Serves: 6

  • One bunch of silverbeet, chopped
  • Two medium sized potatoes, cubed
  • Two carrots, peeled and sliced into discs
  • One medium sized onion, finely chopped
  • Three pods of garlic finely chopped
  • One red chilli, chopped
  • Half a bunch of continental parsley (leaves and stems), finely chopped
  • Juice of one lemon
  • 400 gms of butterbeans ( I used the canned ones)
  • One bay leaf
  • One teaspoon of crushed black pepper
  • Salt to season
  • One litre vegetable stock
  • Four tablespoons of olive oil

Heat olive oil in a crockpot. Add garlic, cook until aromatic. Now add onions and red chilli, cook until onions are translucent.

Add the veggies and parsley. Mix well. Now add the stock and bayleaf, season with salt and pepper. Cover the pot and let the soup simmer for 15 – 20 minutes on low heat.

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Once the veggies are slightly tender add the beans, followed by lemon juice. Add more stock or water if required. Cover the pot again and let the soup simmer for another 15 minutes on low heat.

While the soup is simmering you can prepare equal number of poached eggs per serve to garnish the soup with. Poached egg is a great accompaniment with this dish.

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Your lip smackingly delicious winter warmer is ready to serve. Serve this with fresh sourdough bread. I can most certainly guarantee one bite will teleport you to Italy.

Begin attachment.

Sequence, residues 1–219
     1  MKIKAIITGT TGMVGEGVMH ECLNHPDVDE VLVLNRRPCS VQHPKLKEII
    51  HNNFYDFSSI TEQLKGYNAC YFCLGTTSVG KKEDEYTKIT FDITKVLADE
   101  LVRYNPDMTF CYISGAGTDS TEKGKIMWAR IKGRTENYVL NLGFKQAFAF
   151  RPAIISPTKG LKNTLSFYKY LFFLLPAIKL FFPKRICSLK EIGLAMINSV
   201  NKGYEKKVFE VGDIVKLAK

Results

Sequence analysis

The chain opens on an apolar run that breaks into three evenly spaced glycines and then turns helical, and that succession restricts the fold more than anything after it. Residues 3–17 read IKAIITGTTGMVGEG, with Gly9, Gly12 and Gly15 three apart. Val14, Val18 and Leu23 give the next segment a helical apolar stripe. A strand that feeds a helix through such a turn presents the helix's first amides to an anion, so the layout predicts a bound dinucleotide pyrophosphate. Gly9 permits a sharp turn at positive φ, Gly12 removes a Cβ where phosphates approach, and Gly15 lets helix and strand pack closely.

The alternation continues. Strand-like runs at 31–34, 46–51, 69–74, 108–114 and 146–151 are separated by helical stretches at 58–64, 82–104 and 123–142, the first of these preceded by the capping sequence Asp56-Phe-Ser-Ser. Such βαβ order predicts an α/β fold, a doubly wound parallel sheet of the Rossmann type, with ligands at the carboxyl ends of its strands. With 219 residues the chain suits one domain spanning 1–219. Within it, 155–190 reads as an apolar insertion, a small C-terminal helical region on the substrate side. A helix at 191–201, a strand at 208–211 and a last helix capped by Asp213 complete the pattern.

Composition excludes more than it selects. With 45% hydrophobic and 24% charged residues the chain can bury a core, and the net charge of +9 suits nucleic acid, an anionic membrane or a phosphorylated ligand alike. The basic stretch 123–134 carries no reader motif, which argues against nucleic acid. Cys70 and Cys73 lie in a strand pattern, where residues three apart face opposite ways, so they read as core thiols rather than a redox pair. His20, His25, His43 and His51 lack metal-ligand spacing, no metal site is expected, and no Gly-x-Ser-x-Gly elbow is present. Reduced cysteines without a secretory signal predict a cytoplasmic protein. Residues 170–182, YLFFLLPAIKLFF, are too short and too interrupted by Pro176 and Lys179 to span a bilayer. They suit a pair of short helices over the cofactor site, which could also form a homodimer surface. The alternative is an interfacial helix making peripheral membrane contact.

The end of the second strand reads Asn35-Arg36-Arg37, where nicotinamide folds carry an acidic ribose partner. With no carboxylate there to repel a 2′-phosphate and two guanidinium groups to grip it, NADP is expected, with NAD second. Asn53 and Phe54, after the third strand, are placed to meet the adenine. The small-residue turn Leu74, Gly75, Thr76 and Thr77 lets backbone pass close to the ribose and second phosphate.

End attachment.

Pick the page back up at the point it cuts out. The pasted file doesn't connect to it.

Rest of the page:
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Palak Khichdi 

A spoonful of health and flavour…

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This humble old recipe is every Indian mothers answer when someone in the house says they are feeling under the weather. 

Traditionally defined as bland, boring but healthy. Khichdi is made from lentils, rice, turmeric and a bit of salt. As a child I labelled this dish ‘bimaaron ka khaana’ i.e. ‘ill people’s meal’. I never wanted to eat it and you wouldn’t blame me! 

Today Khichdi and I are good friends. What changed? Well Khichdi became a little more glamorous. Different spices and veggies have elevated this dish and put it at par with risotto from Italy or paella from Spain. All Khichdi is missing now is an exotic name.

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Ingredients: 14  Cooking time: 45 minutes

Serves: 4

  • 250 gms of rice
  • 250 gms of yellow split peas (channa dal)
  • 500 ml of spinach puree
  • One brown onion, finely chopped
  • Two pods of garlic, finely chopped
  • One large cinnamon stick
  • Six to eight cloves
  • One to two blades of mace
  • One teaspoon garam masala
  • One teaspoon coriander powder
  • One teaspoon black mustard seeds
  • One tablespoon butter
  • Salt to season 
  • Fresh lemon for garnish 

Begin by washing the rice and lentils thoroughly. Soak them for about 15-20 minutes before cooking.

In a heavy-set pot, melt butter. Add mustard seeds, cinnamon, cloves and mace. Mace gives this dish a subtle peppery flavour and goes really well with any rice dish. If you can’t find mace you can use half a teaspoon of grounded nutmeg, but add it along with other powdered spices later in the dish.

Once aromatic add onion and garlic. Cook on a medium heat for five to seven minutes or until the onion is lightly browned.

Drain the rice and lentils and add them to the onion mixture. Now add garam masala, coriander powder and nutmeg if using it. Mix well, evenly coating all the ingredients.

Finally add the spinach pureè, about four cups of water and season with salt as desired. Cover the pot with a lid and let the Khichdi simmer on a low heat for 25 to 30 minutes. Whilst Khichdi is simmering remember to stir it occasionally so the rice doesn’t stick to the bottom.